This is an analysis piece that does not necessarily reflect the thoughts and opinions of the Fero Report. The Fero Report’s primary focus is delivering news without the noise. As our publication has grown it has become clearer that an unfiltered analysis may provide value to our readers.
Your civil—not natural—right to own an M-9 or AR-15 is not more valuable than the right for American children to go to school without being slaughtered.
Let’s not beat around the bush. The right to bear arms is not immutable. The Second Amendment must be nullified.
Seventeen Americans died at school today in Parkland, Florida. There were no bizarre pathological agents, no dispersion of anthrax, no unexpected avalanche of snow blocking these lives from ever taking a breath again. A young man with a legally purchased AR-15 assault rifle walked onto a high school campus and initiated a killing spree. The Columbine High School massacre resulted in 15 deaths, including the two perpetrators.
Your right to own a firearm is not a God-gifted right. It is a societally-sanctioned right. No other country experiences mass shootings – at places of learning – like the United States does. The US can cope with its gun-loving history for sport and hunting under specially designated laws and robust regulatory regimes. A cultural or individual passion for guns should not be hindered by the government, but when that passion has interfered with students being able to attend school the government is in a well-reasoned position to interfere. Your right to own a gun is not more important than our kids’ right to go to school.
The Second Amendment had its time. When the British Army has lived in our homes and ate our food, the resilient Founding Fathers insisted upon the right to bear arms against tyrannical governments. Against unjust governments.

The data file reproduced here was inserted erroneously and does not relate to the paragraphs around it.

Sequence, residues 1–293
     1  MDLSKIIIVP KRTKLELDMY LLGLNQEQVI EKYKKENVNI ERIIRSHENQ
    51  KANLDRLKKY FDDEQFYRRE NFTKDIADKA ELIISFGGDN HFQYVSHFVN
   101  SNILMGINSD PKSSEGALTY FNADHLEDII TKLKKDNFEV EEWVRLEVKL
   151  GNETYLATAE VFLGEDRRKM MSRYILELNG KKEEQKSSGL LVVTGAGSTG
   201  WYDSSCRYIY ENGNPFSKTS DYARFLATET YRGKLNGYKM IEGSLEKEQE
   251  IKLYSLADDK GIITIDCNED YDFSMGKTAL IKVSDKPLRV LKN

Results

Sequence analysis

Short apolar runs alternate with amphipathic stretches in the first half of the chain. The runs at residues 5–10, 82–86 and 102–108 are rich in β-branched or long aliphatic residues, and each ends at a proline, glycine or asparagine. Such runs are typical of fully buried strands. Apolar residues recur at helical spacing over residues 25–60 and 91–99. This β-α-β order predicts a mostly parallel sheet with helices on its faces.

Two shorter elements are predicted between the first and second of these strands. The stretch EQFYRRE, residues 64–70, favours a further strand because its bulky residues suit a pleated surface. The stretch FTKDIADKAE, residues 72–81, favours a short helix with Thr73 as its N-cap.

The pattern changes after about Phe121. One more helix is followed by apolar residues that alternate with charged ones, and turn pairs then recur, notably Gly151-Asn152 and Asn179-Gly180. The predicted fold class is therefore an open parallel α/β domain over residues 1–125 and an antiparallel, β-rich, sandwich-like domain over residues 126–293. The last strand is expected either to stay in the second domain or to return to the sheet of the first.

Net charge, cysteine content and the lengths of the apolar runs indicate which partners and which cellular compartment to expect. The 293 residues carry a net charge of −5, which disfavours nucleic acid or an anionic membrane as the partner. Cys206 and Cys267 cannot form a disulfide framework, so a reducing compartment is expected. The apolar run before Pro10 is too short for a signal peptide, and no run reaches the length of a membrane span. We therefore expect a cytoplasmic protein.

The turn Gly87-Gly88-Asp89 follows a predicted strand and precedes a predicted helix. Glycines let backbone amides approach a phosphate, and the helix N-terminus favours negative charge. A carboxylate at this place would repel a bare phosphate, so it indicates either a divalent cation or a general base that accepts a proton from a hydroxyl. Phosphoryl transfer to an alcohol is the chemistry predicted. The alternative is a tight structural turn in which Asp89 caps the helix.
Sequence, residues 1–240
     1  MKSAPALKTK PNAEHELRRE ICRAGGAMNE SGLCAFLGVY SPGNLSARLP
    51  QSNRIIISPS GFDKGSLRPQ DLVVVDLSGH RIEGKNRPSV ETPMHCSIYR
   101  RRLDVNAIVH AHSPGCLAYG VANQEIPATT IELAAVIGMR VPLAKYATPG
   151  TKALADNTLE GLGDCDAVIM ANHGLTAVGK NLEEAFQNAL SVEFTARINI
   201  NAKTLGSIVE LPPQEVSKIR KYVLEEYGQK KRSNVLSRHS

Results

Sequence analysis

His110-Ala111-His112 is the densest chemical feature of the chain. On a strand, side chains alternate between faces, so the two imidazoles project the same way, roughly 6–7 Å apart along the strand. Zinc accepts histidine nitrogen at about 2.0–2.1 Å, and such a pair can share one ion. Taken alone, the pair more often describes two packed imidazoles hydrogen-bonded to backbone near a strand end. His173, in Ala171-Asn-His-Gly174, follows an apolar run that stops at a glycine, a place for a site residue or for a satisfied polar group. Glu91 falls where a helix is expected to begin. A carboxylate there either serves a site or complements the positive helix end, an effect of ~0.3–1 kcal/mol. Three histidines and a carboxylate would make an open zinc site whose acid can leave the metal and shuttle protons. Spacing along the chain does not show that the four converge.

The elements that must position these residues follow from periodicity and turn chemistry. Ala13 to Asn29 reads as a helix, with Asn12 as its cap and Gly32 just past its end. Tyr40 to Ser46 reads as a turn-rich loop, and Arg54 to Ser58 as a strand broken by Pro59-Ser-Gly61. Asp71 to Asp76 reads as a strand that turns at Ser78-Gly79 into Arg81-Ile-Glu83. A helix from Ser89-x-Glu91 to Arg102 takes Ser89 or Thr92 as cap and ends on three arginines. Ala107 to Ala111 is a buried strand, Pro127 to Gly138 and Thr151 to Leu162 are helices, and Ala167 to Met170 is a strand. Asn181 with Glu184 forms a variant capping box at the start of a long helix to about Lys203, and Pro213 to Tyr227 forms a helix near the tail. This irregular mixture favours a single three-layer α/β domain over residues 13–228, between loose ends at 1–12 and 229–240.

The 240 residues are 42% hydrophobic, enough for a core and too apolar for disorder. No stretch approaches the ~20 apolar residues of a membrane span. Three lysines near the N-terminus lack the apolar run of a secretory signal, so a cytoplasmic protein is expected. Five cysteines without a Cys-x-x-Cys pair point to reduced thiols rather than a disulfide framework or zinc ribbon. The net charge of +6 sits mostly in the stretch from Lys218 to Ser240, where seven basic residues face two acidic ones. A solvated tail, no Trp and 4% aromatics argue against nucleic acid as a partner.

A U.S. militia would no longer stand any chance in fighting for its interests or rights by means of physical force. A U.S. militia can obtain no weapons, under the Second Amendment, sufficiently powerful to threaten the United States National Guard, Air Guard, Coast Guard and the rest of the military and intelligence agencies.
If a U.S. militia found grounds for rising up against a tyrannical government, AR-15s, handguns, and long-range hunting rifles would stand no chance against a force equipped with atomic weapons, the most advanced fighter aircraft fleet in existence, stealth bombers designed to outwit what was once the Soviet Union, submarines juiced with ballistic missile-launched nuclear weapons and aircraft carriers running on nuclear reactors that can run for 70 years with one stop of on-shore maintenance.
No amount of ammo stored in the back yard, or thousands, hundreds of thousands, or millions of firearms will alter this calculus.
If one wants to resist tyrannical forms of government, that is encouraged. Assault rifles and handguns are not the means for accomplishing such a task. The Second Amendment has exhausted its useful life. One’s –very not immutable and only societally-granted—right to bear arms was fine and good for a time. That time has passed.
Seventeen Americans died at school today. The incident would be sadder, or, shocking, if mass shootings at schools weren’t so commonplace.
There is a saying about the news that what you see in media reports does not reflect a trend of usually goes on, but instead shows what is by definition an outlier event. In the case of school shootings, the Parkland, Florida massacre received hoards of media attention. Of course, it was very lethal.